than or equal to 6 mg/mL.
CBC, serum uric acid levels, I & O, hepatic and renal function,
especially at start of therapy
Uric acid, serum: An increase occurs during childhood
Male: 3.4-7 mg/dL or slightly more
Female: 2.4-6 mg/dL or slightly more
Values >7 mg/dL are sometimes arbitrarily regarded as hyperuricemia, but
there is no sharp line between normals on the one hand, and the serum uric acid
of those with clinical gout. Normal ranges cannot be adjusted for purine
ingestion, but high purine diet increases uric acid. Uric acid may be increased
with body size, exercise, and stress.
|Mental Health: Effects
on Mental Status|
May cause drowsiness
Effects on Psychiatric
Rarely may cause bone marrow suppression; use caution with clozapine and
|Dental Health: Local
No information available to require special precautions
Effects on Dental Treatment|
No effects or complications reported
Take as directed. Maintain adequate hydration (2-3 L/day of fluids unless
instructed to restrict fluid intake) to avoid possible adverse renal problems.
While using this medication, do not use alcohol, other prescription or OTC
medications, or vitamin substances without consulting prescriber. You may
experience drowsiness (use caution when driving or engaging in tasks requiring
alertness until response to drug is known); nausea, vomiting, or heartburn
(small frequent meals, frequent mouth care, chewing gum, or sucking lozenges may
help); hair loss (reversible). Report skin rash or lesions; painful urination or
blood in urine or stool; unresolved nausea or vomiting; numbness of extremities;
pain or irritation of the eyes; swelling of lips, mouth, or tongue; unusual
fatigue; easy bruising or bleeding; yellowing of skin or eyes; or any change in
color of urine or stool. Pregnancy precautions: Inform prescriber if you
are or intend to be pregnant.
Monitor CBC, serum uric acid levels, I & O, hepatic and renal function,
especially at start of therapy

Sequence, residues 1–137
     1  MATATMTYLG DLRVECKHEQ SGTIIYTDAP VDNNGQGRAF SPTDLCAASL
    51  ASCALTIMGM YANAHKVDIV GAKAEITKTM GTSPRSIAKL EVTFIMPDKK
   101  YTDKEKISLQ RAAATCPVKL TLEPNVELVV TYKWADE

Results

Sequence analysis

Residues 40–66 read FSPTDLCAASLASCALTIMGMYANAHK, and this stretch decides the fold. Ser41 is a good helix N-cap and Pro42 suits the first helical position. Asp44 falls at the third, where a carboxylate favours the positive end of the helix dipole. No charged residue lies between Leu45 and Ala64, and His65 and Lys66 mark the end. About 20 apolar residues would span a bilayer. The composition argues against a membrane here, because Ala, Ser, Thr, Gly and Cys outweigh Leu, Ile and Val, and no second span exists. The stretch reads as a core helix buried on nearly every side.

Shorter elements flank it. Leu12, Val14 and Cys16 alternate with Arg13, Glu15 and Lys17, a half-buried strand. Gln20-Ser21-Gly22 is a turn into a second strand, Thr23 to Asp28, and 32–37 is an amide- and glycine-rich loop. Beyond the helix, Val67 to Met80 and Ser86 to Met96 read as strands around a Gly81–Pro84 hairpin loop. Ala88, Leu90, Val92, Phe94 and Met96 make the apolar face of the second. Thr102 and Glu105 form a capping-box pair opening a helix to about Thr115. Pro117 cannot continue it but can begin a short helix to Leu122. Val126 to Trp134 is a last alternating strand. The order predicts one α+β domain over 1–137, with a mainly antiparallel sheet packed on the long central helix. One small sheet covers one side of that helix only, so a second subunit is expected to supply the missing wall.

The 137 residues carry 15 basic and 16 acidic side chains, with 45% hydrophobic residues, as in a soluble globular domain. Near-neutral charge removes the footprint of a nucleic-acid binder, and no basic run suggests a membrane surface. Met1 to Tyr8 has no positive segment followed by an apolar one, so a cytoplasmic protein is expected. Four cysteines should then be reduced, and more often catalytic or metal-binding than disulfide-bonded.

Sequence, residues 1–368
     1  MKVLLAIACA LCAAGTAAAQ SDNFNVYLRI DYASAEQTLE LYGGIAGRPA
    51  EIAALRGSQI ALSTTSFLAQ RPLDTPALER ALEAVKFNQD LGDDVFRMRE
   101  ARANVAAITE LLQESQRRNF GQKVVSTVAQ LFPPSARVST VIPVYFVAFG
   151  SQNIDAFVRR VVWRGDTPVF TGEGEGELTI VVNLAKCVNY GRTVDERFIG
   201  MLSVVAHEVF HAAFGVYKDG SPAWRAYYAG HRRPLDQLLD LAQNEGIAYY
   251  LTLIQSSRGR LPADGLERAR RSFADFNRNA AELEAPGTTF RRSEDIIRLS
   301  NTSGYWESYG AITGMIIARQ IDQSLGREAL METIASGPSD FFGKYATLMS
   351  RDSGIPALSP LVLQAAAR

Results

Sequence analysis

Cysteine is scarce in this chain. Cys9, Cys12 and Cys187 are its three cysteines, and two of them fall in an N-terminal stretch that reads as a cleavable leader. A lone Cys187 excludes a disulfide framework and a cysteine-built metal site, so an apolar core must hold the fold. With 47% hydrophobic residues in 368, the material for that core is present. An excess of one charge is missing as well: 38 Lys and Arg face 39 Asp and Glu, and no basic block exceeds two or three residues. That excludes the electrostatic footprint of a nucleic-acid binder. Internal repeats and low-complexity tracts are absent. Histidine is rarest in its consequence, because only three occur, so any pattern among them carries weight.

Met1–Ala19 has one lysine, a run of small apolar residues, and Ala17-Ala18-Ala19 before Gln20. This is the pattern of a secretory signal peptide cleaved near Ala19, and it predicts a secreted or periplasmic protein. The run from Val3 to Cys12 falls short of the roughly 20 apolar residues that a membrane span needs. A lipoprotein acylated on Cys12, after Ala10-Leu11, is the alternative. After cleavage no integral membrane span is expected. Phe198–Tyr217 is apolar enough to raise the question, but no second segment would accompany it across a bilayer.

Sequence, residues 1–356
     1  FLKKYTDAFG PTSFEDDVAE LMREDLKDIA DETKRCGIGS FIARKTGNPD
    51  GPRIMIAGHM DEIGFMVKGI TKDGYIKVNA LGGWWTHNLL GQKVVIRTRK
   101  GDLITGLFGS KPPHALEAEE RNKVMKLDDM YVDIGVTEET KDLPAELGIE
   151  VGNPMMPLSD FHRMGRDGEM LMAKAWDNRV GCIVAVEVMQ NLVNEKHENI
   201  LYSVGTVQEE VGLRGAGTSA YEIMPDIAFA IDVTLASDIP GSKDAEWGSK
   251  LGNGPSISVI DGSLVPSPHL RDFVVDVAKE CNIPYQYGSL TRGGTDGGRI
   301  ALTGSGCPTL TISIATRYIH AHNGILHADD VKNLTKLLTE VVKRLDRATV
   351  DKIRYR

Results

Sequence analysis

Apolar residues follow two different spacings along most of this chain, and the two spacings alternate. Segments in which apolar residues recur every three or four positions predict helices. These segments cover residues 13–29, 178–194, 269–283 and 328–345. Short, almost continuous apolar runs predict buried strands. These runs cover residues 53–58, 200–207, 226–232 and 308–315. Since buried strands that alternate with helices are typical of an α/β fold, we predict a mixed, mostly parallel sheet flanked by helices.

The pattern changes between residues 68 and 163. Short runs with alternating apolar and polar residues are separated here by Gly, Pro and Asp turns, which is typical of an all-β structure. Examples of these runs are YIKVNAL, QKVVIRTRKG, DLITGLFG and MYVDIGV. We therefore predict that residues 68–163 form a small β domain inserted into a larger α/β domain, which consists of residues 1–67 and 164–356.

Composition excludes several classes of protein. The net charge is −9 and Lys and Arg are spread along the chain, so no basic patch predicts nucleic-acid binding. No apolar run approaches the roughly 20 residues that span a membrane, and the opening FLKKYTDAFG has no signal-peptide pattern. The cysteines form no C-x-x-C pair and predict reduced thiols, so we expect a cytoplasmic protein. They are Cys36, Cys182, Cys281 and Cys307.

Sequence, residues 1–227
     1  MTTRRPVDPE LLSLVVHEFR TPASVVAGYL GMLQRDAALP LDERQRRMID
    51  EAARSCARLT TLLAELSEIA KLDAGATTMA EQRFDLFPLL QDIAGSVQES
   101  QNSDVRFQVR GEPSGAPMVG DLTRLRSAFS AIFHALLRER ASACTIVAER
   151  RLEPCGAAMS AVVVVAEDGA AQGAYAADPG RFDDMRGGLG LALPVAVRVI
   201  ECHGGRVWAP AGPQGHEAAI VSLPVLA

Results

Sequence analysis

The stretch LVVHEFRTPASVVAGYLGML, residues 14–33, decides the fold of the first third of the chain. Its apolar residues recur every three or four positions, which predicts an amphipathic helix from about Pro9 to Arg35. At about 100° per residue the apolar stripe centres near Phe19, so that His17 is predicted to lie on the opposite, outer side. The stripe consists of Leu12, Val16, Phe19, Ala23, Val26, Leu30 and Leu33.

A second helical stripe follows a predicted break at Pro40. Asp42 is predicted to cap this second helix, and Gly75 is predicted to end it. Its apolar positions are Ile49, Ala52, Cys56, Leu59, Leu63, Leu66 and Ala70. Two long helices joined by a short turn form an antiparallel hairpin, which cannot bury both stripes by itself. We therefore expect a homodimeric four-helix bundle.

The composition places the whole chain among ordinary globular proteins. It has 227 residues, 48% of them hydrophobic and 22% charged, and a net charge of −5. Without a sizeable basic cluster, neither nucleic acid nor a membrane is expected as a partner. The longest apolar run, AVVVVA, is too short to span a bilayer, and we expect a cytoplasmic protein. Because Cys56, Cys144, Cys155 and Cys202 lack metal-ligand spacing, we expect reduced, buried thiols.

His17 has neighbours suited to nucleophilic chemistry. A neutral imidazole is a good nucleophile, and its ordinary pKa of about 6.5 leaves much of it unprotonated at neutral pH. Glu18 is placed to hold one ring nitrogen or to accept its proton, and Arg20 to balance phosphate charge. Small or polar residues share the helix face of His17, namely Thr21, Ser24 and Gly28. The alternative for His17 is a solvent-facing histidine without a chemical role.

Injection: 500 mg
Tablet: 100 mg, 300 mg
Crush tablets to make a 5 mg/mL suspension in simple syrup; stable 14 days
Allen LV and Erickson MA 3d,
"Stability of Acetazolamide, Allopurinol, Azathioprine, Clonazepam, and Flucytosine in Extemporaneously Compounded Oral Liquids,"
Am J Health Syst Pharm, 1996, 53(16):1944-9.
Appelbaum SJ, Mayersohn M, Dorr RT, et al,
"Allopurinol Kinetics and Bioavailability. Intravenous, Oral and Rectal Administration,"
Cancer Chemother Pharmacol, 1982, 8(1):93-8.
Bennett WM, Aronoff GR, Golper TA, et al, Drug Prescribing in Renal
Failure, Philadelphia, PA: American College of Physicians, 1987.
Day RO, Birkett DJ, Hicks, M, et al, "New Uses for Allopurinol,"
Drugs, 1994, 48(3):399-44.
Elasy T, Kaminsky D, Tracy M, et al,
"Allopurinol Hypersensitivity Syndrome Revisited," West J Med, 1995,
Emmerson BT, "The Management of Gout," N Engl J Med, 1996,
Ferner RE, Simmonds HA, and Bateman DN,
"Allopurinol Kinetics After Massive Overdose," Hum Toxicol, 1988,
Hande KR and Garrow GC,
"Acute Tumor Lysis Syndrome in Patients With High-Grade Non-Hodgkin's Lymphoma,"
Am J Med, 1993, 94(2):133-9.
Krakoff IH and Murphy ML,
"Hyperuricemia in Neoplastic Disease in Children: Prevention With Allopurinol, A Xanthine Oxidase Inhibitor"
Pediatrics, 1968, 41(1):52-6.
McInnes GT, Lawson DH, and Jick H,
"Acute Adverse Reactions Attributed to Allopurinol in Hospitalized Patients,"
Ann Rheum Dis, 1981, 40(3):245-9.
Murrell GA and Rapeport WG, "Clinical Pharmacokinetics of Allopurinol,"
Clin Pharmacokinet, 1986, 11(5):343-53.
Parra E, Gota R, Gamen A, et al,
"Granulomatous Interstitial Nephritis Secondary to Allopurinol Treatment,"
Clin Nephrol, 1995, 43(5):350.
Vinciullo C, "Allopurinol Hypersensitivity," Med J Aust, 1984,
Copyright © 1978-2000 Lexi-Comp Inc. All Rights Reserved